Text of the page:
Saturday Flashback: Linda Bengtzing – Alla Flickor

It’s even got the descending bells cliché under the final few lines! Fantastic.

Tim: PREVIOUSLY, ON EUROPLOP: Värsta Schlagern, which was described, quite correctly, as ‘a massive Take That to the whole Swedish pop music scene.’

Well, turns out that at least of them is one heck of a hypocrite, namely Linda Bengtzing, who dived straight into the middle of the Swedish music scene with this 2005 Melodifestivalen entry, the divine Alla Flickor.

Tom: Why does that sound vaguely rude to me? Clearly I have other things on my mind.

Tim: Um, clearly. Anyway, this is, as I said, divine, and contains everything there is to love about Swedish schlager in, well, any given twenty seconds of it, really.

Tom: I was worried that you’d overhyped this until the first chorus, which justifies everything you said. It’s even got the descending bells cliché under the final few lines! Fantastic.

Tim: As a whole three minutes, it’s excitable, catchy and jumpy, and it ticks every box necessary: over-excited female singer, backing singers throughout and plenty of howling after the key change. (Although that does come with a rather worrying thought process of “Here comes the key change … Hang on, has she forgotten it? … Ah, there it is.”)

Tom: It’s odd to have the quiet, silent breakdown and not immediately follow it with the big key change – lulled into a false sense of security, I thought that was it. I actually jumped, slightly startled, when the proper one kicked in.

Tim: Do you reckon we’re a big enough website to create a new phrase? I hereby name this ‘The Bengtzing Effect’ – that of leaving a key change so late you think it’s not going to happen, and then making you entirely delighted when it suddenly appears with just seconds to spare.

Tom: Catchy name.

Tim: Isn’t it? I predict it catching on within the entire music industry by Christmas at the latest. Back to the song, I see absolutely no reason at all why one should not immediately get up and jump around when this starts to play.

Tom: I would dance to this like an idiot if it were played in a club. Do any clubs actually play music like this any more?

Tim: If they don’t, we owe it to the world to start our own club, and OOH, we should actually call it The Bengtzing Effect, because that would be an amazing name for a club. We shall play this song over and over and over again, until people get sick of it, and to them we shall say, ‘If you think that, then you don’t deserve to be in here. GET OUT, I tell you, GET OUT!’*

* I’m in a bit of an odd mood today. Hmm.

Tom:

Tim: Anyway, the lyrics are entirely banal, as befits such a song – they’re roughly a warning to any ladies about a guy who makes you feel special, as though you’re the only person in his life, but then behaves exactly the same way to any other girl who walks past. Slightly wasted as a warning, though, since she never actually says who he is. Bad luck, Swedish ladies: she knows, but she ain’t telling.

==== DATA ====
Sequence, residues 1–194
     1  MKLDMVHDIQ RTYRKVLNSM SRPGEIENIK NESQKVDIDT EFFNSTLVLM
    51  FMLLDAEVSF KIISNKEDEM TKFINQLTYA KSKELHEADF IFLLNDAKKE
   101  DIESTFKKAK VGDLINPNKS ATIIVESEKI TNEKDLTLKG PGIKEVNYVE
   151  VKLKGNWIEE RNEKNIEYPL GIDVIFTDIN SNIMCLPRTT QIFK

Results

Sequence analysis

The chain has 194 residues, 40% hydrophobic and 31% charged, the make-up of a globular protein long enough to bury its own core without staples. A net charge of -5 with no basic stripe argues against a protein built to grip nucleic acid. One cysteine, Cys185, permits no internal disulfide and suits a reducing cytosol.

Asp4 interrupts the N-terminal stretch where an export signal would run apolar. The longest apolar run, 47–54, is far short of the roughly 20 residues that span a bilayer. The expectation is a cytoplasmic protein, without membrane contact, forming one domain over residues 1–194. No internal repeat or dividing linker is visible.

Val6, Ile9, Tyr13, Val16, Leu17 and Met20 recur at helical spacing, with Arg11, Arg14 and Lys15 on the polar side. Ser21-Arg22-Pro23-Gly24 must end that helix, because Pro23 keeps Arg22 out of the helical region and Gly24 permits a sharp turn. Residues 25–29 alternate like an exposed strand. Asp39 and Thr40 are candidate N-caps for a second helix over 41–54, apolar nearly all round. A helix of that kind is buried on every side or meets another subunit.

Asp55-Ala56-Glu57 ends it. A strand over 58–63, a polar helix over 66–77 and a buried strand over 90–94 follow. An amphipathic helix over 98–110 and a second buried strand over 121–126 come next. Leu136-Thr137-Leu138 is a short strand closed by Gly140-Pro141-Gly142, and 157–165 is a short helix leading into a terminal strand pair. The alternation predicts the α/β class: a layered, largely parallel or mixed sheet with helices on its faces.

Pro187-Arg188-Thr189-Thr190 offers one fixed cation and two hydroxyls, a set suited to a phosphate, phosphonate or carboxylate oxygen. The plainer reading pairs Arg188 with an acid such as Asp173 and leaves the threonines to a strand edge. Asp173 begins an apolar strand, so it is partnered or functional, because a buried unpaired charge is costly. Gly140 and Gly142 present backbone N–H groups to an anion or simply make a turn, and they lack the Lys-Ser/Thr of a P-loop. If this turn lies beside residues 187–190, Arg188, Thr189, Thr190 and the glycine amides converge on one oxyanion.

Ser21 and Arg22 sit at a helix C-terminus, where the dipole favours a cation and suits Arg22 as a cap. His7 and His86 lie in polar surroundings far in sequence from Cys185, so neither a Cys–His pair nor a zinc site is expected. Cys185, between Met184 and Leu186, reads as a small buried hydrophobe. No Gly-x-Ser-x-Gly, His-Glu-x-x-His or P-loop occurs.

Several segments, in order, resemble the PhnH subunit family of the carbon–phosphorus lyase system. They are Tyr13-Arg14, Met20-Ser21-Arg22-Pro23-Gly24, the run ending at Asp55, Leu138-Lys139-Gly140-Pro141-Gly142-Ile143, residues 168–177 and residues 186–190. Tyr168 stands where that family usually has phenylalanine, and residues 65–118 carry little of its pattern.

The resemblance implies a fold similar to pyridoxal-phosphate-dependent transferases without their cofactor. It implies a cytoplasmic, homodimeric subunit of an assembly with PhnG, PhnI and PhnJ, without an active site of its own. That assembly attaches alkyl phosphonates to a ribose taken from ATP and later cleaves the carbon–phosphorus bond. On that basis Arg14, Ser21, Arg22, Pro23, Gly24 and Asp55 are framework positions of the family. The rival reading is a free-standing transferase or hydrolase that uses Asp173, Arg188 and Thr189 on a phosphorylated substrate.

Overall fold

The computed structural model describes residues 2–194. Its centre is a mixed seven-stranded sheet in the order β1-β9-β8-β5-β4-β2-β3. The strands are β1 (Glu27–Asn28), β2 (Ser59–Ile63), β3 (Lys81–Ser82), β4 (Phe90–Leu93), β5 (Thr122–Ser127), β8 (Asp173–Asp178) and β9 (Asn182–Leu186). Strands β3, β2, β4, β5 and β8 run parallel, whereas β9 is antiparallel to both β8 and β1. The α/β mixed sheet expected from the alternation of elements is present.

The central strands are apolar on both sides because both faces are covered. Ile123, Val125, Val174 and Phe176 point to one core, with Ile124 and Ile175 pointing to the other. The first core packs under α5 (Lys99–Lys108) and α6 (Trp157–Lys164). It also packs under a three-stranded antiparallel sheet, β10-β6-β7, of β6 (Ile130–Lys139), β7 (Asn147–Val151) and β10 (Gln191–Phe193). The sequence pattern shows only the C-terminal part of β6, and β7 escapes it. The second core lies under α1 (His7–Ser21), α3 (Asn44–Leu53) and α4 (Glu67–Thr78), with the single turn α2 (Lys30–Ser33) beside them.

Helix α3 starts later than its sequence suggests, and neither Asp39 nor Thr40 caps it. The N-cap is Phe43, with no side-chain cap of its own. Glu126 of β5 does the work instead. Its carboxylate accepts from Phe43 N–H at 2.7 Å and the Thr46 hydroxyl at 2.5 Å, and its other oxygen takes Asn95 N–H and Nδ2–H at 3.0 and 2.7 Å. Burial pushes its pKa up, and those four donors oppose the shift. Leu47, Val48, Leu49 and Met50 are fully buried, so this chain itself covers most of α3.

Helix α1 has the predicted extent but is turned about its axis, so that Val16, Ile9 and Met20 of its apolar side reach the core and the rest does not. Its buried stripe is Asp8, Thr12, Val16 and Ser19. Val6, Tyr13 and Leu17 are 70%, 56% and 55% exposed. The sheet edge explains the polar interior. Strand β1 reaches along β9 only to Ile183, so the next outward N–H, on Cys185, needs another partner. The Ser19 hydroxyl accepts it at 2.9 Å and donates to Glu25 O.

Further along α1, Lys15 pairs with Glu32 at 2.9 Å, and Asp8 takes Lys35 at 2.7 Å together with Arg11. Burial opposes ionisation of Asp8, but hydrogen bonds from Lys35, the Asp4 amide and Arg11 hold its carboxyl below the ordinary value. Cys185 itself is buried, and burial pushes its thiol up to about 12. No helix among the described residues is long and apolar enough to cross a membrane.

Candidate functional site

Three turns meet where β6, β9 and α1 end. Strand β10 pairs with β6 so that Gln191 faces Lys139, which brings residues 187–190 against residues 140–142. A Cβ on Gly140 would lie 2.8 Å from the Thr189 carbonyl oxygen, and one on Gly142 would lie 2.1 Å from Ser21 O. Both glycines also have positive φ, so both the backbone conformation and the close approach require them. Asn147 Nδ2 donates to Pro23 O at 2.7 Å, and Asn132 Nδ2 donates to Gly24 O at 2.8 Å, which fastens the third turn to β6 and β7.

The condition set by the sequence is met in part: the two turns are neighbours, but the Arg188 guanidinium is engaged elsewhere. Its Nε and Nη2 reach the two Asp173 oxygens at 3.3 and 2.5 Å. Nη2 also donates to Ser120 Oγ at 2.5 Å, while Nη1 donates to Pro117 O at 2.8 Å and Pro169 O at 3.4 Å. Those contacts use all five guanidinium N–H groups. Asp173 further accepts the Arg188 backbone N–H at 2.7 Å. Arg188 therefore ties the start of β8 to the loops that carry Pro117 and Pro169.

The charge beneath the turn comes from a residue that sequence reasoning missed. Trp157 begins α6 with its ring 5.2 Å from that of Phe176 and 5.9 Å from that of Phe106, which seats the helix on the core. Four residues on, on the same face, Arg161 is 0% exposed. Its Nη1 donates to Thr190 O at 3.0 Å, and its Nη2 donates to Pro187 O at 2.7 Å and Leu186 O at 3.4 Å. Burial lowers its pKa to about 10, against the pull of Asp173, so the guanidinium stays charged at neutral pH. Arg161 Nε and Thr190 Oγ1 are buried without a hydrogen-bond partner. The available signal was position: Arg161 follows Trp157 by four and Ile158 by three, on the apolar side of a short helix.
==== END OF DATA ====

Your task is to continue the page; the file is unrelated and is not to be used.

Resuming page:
Tom: And now I have “all the Swedish ladies / all the Swedish ladies” bouncing around in my head. Well done, Tim.

Tim: Thank you – always happy to help.

Right, now who do we talk to about setting up a nightclub?

Kylie Minogue – Get Outta My Way

It’s like pretty much every other recent Kylie single

Tom: You know what time it is? It’s new Kylie single time. Oh yes.

Tom: I swear the percussion and piano melody aren’t exactly in sync with each other at the start, which is messing with me a little. It’s a slow build, and when it does kick in it’s… well, it’s like pretty much every other recent Kylie single. It could be “2 Hearts”. It could be “Can’t Get You Out Of My Head”.

Tim: Hmm. I’m not so keen on it. There’s nothing big about it, really, or even memorable really. Can’t Get You Out Of My Head is immediately recollectable – it comes straight to mind now, even though it’s probably at least a year since I last heard it; this one just doesn’t do much for me. It wouldn’t really be enough to tempt me onto the dance floor.

Tom: She’s got a sound that works, I suppose, and there’s nothing wrong with that – but it’d be nice to hear something a little bit different after this many years.

Tim: Actually, having listened to it several times now, I’ve realised what the problem is. It’s a bit like most pop-dance tracks around at the moment, really – the first couple of times you hear it, it’s a bit boring, and nothing special, but the third or fourth time it’s been embedded in your head, and then when you’re out and you hear it you can’t help thinking ‘ooh, I know this, this is quite good,’ even though it isn’t really.

Tom: Nice glossy video, as ever, but again, it was always going to be downhill after the Michel Gondry genius that was Come Into My World. It’s pretty – full marks to whoever did the dance-floor visualisations, it’s a really nice effect. Pity the song’s not as memorable.

Marion Raven – Flesh and Bone

Has she got Status Quo doing the chorus guitars?

Tim: I wholeheartedly enjoy this: it’s big, enthusiastic, and the bridge has two distinct parts, which makes a change and works surprisingly well.